Anna Foster (B.A. Supply Chain Management ’10) dressed casually standing out side on a city sidewalk.

Anna Foster (B.A. Supply Chain Management ’10)

Anna Foster (B.A. Supply Chain Management ’10) is no stranger to dining operations and retail management at MSU. As a student, Foster got her start in food service during the design and opening of the Gallery at Snyder/Phillips, and she’s been growing her career on the banks of the Red Cedar ever since.

Since 2010, she has managed various Sparty’s convenience stores and dining halls, overseeing more than 50 full-time employees. She has served on various committees to foster continuous improvement, earned certificates to further ongoing learning and led training programs for culinary skills. Now, Foster is stepping into a new role as the on-campus Starbucks service manager, delivering solutions and improving operations for the global coffee brand’s three locations at MSU.

Find out more about Foster, her new role and her advice to fellow Spartans in this Q&A.

What is your passion, and how does this tie into the work you’re taking on at MSU in this new role?

I am passionate about food and people! I am in the business of coffee/food, people and supporting our community with Starbucks at MSU. I am fortunate that (in my unplanned and unorthodox way) I have found myself in a position that is aligned with my core values, Starbucks, as well as the values we have as Spartans. We at MSU Starbucks strive to inspire and nurture the human spirit; one person, one cup, one neighborhood at a time.

What motivated you to pursue this role? 

I wanted to get back into retail and learn something new. This role allows me to gain corporate experience with Starbucks operations and utilize my experience to help continue to build the brand at MSU. I am excited to join this team and explore the possibilities to improve our operations.

In this role, I also have the opportunity to open a “We Proudly Serve” Starbucks location in the new STEM building, which is being constructed in the center of campus. This is going to be a great collaborative space at MSU, and I look forward to helping create an inclusive environment for our students, faculty/staff and community partners to continue their academic success in a great space.

What are you looking forward to doing in this role?

I am looking forward to improving our business model to support the brand and continuing to build on our customer relationships. Our team consists of some new managers and nearly all students working in the operations, who I am excited to provide support for in their growth and professional development plans. We have great chemistry, and I look forward to achieving really great things as a team!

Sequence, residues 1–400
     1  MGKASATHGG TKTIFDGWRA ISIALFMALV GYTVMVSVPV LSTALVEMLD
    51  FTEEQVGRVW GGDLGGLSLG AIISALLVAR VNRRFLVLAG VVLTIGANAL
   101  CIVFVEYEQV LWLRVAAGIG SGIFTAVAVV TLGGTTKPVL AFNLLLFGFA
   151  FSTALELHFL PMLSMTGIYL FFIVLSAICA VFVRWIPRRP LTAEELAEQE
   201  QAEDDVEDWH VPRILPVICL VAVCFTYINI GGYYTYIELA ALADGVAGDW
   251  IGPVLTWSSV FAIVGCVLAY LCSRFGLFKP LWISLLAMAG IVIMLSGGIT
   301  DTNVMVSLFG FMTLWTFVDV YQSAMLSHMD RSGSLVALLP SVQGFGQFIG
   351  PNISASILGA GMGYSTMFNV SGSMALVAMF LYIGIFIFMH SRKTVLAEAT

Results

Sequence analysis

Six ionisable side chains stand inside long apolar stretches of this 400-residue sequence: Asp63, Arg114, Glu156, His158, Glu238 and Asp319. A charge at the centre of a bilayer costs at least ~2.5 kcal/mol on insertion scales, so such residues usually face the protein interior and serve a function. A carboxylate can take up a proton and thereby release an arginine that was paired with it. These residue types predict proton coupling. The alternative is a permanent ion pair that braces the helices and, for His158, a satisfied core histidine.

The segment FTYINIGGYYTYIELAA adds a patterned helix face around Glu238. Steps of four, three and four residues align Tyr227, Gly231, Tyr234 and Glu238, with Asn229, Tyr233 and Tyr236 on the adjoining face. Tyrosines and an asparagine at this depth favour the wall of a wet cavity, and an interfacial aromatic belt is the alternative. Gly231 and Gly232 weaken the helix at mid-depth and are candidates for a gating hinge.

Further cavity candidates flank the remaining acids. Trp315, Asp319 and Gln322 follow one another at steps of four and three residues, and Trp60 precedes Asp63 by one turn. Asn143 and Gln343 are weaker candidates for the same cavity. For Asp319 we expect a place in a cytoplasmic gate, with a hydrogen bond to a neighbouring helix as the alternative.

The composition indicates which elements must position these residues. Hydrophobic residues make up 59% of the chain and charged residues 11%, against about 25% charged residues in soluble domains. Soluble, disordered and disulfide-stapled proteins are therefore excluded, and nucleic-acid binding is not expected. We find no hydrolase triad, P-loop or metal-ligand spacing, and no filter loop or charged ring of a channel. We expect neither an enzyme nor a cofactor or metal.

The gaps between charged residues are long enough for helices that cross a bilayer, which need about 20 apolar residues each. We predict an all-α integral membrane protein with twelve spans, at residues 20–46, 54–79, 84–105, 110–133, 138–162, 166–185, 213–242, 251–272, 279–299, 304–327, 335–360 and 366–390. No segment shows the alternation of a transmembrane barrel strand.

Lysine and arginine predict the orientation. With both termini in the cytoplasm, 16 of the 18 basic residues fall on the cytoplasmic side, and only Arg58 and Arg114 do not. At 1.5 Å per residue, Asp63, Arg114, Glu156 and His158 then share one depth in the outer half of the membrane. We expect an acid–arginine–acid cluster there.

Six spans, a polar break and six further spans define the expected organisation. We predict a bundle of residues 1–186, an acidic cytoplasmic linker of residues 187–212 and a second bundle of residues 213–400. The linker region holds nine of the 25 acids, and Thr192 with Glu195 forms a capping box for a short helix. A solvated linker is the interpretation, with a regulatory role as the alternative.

How did your time at the Broad College prepare you for your career?

The supply chain management curriculum covers a wide range of business-related topics [that] allowed me to move around during my career and participate in committees that are outside of my normal daily work routine. My final years [as a student] consisted of a lot of presentations and preparing business reports, which allowed me to step into a leadership role after graduation and feel confident.

While in undergrad, I also worked for the university in one of the Culinary Services residential dining halls as a student cook. I applied many of the skills I learned in the classroom to my work in the dining halls on campus and leading my peers to get a meal prepared and served. The combination of the classroom and work experience prepared me very well for my professional career.

What advice do you have for current and future Spartans?

Don’t focus so much on the “right” path, and instead find your path; whatever that may look like is meant to be, and that is OK. I feel like so many students get wrapped up into what they should be doing that they lose their personal vision of who they are and what makes them happy. Don’t lose yourself in the crazy journey of job hunting or that rabbit hole of “Who do I want to be when I grow up?”

Also, as long as you can handle it, get a job while in college so you have an area to apply skills you are learning and practice being a good employee. It is worth the extra stress and will pay off when you are in that job interview impressing future employers with leadership skills and stories you learned while still pursuing a degree.

The best trait you can demonstrate for an employer is coachability — and the best place to find good coaches is working on a college campus, where we work with students every day because we enjoy developing others. There are so many ways to continue your education outside of the classroom, and I think working on campus is the easiest way to expand your learning. You also get paid to learn on the job. You can’t beat that!